Analysis of macrophages in urine sediments in children with IgA nephropathy

Y Maruhashi, M Nakajima, H Akazawa, H Shimoyama, M Nishiguchi, Y Yamoto, H Kamitsuji, A Yoshioka
Clinical Nephrology 2004, 62 (5): 336-43

AIM: Although infiltrating macrophages found in renal biopsy specimens have been accepted as a useful marker for evaluating the activity of IgA nephropathy (IgAN), it is difficult to perform renal biopsies repeatedly, especially in children. To establish a more convenient and noninvasive method for estimating the degree of macrophage infiltration we examined the number of macrophages in urinary sediments.

PATIENTS AND METHODS: Ten ml of morning urine were collected from 30 children with IgAN, 10 with thin basement membrane disease (TBMD), 8 with idiopathic renal hemorrhage (IRH) which was defined as nonglomerular hematuria due to nutcracker phenomenon revealed on ultrasonography, and 10 healthy children as controls. Ten of the 30 children with IgAN were treated with combination therapy comprising prednisolone, warfarin and dipyridamole and urine samples were collected weekly during the period of treatment. Two microl of the urine sediment were smeared on glass slides, dried and stained with a monoclonal antibody to human macrophages (anti-CD68, PG-M1) followed by a FITC-conjugated secondary antibody. After staining with propidium iodide (PI), the cells were examined by fluorescence microscopy with cells stained with both FITC and PI being counted as macrophages. In addition, anti-CD68 staining was used to quantify macrophage infiltration in renal biopsies from the same group of IgAN patients.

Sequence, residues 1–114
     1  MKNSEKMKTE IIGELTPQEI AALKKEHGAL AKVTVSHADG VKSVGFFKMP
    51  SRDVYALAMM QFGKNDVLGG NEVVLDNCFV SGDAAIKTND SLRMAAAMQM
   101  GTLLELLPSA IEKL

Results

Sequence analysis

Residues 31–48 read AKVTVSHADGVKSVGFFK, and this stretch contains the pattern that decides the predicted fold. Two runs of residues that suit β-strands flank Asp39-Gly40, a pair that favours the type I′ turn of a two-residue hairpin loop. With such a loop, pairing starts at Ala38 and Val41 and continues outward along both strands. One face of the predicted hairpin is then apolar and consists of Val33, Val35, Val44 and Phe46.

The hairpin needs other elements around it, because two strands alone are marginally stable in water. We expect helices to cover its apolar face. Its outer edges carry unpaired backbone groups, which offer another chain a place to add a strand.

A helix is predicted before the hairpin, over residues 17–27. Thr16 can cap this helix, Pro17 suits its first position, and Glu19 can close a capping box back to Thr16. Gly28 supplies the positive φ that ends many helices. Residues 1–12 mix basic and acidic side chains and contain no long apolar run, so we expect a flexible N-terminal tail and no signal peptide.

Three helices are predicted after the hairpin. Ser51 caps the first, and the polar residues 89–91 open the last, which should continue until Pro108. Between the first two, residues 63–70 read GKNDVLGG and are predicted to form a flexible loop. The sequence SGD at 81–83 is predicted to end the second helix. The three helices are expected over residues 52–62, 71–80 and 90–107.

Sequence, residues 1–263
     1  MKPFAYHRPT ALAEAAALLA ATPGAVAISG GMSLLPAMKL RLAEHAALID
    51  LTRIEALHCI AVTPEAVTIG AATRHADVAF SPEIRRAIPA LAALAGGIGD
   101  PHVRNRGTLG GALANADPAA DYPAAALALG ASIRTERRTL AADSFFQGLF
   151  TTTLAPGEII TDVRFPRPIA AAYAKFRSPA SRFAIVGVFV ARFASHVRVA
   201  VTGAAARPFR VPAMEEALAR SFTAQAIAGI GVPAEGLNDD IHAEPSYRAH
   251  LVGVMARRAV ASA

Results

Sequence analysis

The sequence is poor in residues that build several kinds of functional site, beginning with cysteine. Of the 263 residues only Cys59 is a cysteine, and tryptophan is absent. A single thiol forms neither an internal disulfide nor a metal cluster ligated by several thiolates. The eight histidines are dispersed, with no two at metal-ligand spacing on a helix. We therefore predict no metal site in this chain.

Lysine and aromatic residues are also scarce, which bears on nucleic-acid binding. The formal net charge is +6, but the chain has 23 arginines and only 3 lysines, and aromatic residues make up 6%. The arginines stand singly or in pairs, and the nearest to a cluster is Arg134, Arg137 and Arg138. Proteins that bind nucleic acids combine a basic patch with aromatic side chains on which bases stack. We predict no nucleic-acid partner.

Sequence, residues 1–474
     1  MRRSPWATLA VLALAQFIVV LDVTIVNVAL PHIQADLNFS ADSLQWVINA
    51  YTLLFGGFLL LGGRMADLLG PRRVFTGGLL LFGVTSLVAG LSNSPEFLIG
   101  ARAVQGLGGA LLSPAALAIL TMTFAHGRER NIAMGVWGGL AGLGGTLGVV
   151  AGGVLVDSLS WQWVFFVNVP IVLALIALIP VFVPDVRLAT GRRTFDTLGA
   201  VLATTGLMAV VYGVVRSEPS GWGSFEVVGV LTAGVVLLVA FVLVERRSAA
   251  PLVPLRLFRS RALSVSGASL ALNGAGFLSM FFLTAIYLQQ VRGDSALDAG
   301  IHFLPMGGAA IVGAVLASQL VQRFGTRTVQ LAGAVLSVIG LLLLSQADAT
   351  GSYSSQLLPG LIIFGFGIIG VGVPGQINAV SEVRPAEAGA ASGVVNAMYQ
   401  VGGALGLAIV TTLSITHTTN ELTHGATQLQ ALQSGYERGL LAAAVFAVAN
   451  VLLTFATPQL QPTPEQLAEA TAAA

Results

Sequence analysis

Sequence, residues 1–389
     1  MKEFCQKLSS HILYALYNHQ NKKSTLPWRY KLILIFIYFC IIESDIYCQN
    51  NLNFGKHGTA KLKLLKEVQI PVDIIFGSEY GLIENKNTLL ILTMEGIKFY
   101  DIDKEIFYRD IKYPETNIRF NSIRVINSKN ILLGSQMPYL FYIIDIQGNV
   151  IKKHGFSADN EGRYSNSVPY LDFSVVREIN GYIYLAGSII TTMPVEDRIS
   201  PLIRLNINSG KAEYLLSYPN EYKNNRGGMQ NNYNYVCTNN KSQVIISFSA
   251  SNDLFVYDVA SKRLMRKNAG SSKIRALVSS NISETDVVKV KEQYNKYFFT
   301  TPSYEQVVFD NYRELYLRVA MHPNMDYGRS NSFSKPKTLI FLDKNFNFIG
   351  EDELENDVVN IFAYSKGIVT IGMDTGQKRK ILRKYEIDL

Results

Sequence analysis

RESULTS: The number of urine macrophages in children with IgAN was significantly higher than in children with TBMD and IRH as well as the control group (p < 0.01), whereas that was similar among TBMD, IRH and healthy children. In IgAN, there was a significant correlation between urine macrophage number and the activity index (p < 0.01), proteinuria (p < 0.01) and urine WBC count (p < 0.01). In addition, there was also a significant correlation between urine macrophage number and glomerular (p < 0.05) as well as interstitial macrophage infiltration (p < 0.01). In children with IgAN who received combination therapy, urine macrophage number decreased significantly (p < 0.01) in the 1st week of treatment whilst the degree of proteinuria decreased significantly (p < 0.01) in the 4th week.

CONCLUSION: Urinary macrophage number may represent a noninvasive and straightforward estimate of the pathological activity evident in renal biopsy specimens, and may also be a more sensitive indicator than proteinuria of the therapeutic effect of interventional treatments in childhood IgAN.

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